Sunday, December 6, 2009

Trying

A sunny start beckoned but it was probably best not to get too ambitious by straying far from the car in case the heavens opened and I got drenched again.

From Lane Ends I walked to Pilling Water, itself quite an adventurous distance in recent weeks. Out on the marsh I counted 26 Whooper Swans, similar to my last count there but this year little groups of Whoopers seem scattered everywhere. Maybe a coordinated Fylde count would be useful this winter?



It doesn’t seem that many years ago that a December Little Egret out here was sought after for the forthcoming New Year’s Day bird count, but no need for that now as they are just a daily certainty at any time of year, with 5 on this morning’s walk. The Pinkfeet were leaving the marsh in tens and hundreds, heading off in all sorts of directions, with some already making their way back in after being disturbed from the fields and their early breakfast.



The tide was way out, and although the many distant Lapwings performed their usual aerobatics, I was just hoping for a few passerine bits and pieces close by, so did manage 2 Skylark, 2 Meadow Pipits and 4 Linnet, all moving about in the lee of the sea wall.

Naturally the dark rain clouds rolled in with accompanying heavy showers just as I neared Lane Ends so I changed plans for more walking to follow some Pink-footed Geese that I saw dropping over Moss Edge way. At the first farm I saw 3 Pied Wagtails moving between the buildings and the adjacent field together with 7 Tree Sparrows and 3 Blackbirds around the trees and old hawthorns. Pretty dire stuff this as just around the moss I stopped in a lay by for 15 minutes to let a torrential shower pass over. I carried on the circuit, without finding many birds but I did see a couple of Mistle Thrush on a low hedge then 2 Brown Hare in an adjacent field.



Near Moss Edge Caravan Park where I looked through the wood as cover I counted approximately 1700 wary Pinkfeet in a single large field but then left them alone rather than disturb them more. Moss Edge really isn’t the place it used to be; the development of many farm buildings into dwellings or what appears to be light industrial use, coupled with the loss of traditional agriculture means that it is now hard to find many birds out there, summer or winter. Even the geese don’t use the moss like they used to, having moved on to find other places that are better suited to their needs.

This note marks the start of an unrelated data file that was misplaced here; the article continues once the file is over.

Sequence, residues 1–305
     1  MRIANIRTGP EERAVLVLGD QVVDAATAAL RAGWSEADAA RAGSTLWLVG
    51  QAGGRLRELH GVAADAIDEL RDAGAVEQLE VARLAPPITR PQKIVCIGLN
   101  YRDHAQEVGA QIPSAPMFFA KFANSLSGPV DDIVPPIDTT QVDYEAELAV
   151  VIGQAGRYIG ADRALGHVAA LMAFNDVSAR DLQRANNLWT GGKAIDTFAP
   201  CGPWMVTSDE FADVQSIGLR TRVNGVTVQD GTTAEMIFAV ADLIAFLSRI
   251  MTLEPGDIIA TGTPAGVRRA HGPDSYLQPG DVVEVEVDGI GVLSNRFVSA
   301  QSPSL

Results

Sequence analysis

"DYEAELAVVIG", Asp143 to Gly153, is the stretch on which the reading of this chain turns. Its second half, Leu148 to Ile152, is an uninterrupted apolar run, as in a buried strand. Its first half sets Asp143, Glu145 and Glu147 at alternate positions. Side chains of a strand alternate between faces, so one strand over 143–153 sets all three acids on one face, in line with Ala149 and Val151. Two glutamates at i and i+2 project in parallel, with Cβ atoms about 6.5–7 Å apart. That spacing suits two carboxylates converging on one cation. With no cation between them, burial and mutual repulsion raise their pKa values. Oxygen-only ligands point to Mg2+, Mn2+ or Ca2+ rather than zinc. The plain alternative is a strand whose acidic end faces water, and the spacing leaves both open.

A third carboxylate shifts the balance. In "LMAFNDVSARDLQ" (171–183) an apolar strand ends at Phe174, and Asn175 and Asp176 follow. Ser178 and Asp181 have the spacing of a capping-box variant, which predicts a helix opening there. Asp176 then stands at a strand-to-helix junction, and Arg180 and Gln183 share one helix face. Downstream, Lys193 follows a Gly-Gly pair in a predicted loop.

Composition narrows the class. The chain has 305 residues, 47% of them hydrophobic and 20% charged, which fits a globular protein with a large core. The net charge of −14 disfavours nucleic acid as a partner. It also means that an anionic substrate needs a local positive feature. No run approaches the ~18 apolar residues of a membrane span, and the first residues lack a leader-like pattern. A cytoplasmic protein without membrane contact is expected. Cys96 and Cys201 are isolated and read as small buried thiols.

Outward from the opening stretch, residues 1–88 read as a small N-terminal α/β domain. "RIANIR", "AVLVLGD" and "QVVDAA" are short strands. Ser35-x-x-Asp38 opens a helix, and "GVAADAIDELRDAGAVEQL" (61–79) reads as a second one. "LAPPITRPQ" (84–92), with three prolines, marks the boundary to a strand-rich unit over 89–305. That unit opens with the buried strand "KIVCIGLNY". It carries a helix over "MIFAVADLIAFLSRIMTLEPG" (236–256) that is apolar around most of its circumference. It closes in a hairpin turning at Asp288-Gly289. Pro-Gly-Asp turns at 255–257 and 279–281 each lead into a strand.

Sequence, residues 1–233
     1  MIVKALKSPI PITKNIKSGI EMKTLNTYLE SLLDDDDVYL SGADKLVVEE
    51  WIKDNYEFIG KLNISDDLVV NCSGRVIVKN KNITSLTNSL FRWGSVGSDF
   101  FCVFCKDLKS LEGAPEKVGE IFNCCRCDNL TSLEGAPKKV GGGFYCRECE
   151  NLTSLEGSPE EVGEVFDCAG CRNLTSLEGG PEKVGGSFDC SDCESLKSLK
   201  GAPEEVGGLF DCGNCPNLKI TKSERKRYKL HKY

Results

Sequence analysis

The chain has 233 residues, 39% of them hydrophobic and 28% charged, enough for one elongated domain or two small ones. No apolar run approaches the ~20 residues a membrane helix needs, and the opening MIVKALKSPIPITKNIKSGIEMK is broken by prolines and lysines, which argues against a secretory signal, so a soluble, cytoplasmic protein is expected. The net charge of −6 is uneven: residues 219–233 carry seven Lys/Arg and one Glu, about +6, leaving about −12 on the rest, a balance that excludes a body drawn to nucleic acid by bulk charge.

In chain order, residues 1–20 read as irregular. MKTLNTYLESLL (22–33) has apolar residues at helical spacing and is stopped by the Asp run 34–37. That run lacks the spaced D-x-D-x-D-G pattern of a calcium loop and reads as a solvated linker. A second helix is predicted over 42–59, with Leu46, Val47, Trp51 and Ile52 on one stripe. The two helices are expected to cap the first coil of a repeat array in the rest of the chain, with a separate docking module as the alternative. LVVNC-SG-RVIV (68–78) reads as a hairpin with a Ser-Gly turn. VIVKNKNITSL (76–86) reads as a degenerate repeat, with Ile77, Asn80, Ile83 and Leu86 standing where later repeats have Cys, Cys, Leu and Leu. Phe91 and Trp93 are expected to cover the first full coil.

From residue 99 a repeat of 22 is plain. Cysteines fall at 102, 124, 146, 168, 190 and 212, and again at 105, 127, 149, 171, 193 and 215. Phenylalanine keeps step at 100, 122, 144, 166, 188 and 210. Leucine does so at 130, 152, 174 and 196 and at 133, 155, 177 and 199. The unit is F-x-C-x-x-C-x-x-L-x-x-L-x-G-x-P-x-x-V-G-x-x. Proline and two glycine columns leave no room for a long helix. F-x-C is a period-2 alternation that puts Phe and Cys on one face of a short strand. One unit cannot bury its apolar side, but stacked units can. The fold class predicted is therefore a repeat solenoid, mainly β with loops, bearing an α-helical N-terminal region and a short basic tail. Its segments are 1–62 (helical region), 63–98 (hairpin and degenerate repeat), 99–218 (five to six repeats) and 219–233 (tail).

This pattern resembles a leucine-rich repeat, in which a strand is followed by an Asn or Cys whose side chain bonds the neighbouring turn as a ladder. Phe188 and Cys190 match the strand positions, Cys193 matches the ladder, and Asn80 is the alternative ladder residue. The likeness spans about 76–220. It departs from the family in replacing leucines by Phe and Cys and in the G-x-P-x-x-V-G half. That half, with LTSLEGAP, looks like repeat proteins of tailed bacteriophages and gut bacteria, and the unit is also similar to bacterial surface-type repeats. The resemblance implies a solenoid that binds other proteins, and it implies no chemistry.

At Gulf Lane I had to park up in amazement as more than 2000 gulls, mainly Black-headed Gull with some Common Gull almost filled the field immediately behind the sea wall as the birds rose and fell en masse to food items just exposed by the sudden rain squalls.



Stranger still in the middle of this vast crowd of gulls, 2 Buzzards were trying to muscle in on the action, their manoeuvres adding to the commotion caused by the many gulls.







I don’t recommend parking alongside this road on a Sunday morning in a downpour and I didn’t hang around long.

A short post again from this morning but I’m afraid the weather just keeps defeating me and there’s little point in padding this out any longer. I think I will sign off with a rainbow as the everlasting emblem of the last trying few months.



2 comments:

Pete Woodruff said...

Not looking good again for at least the early part of this week. Let me know if you need any 'medication' to overcome the depression which may set in soon if it hasn't already done so.

Enjoyed the read Phil.

Phil said...

Hi Peter

I think the tonic we all need is a bit of settled, sunny weather. Thursday looks a possibility at the mo but it can change!

Cheers, Phil

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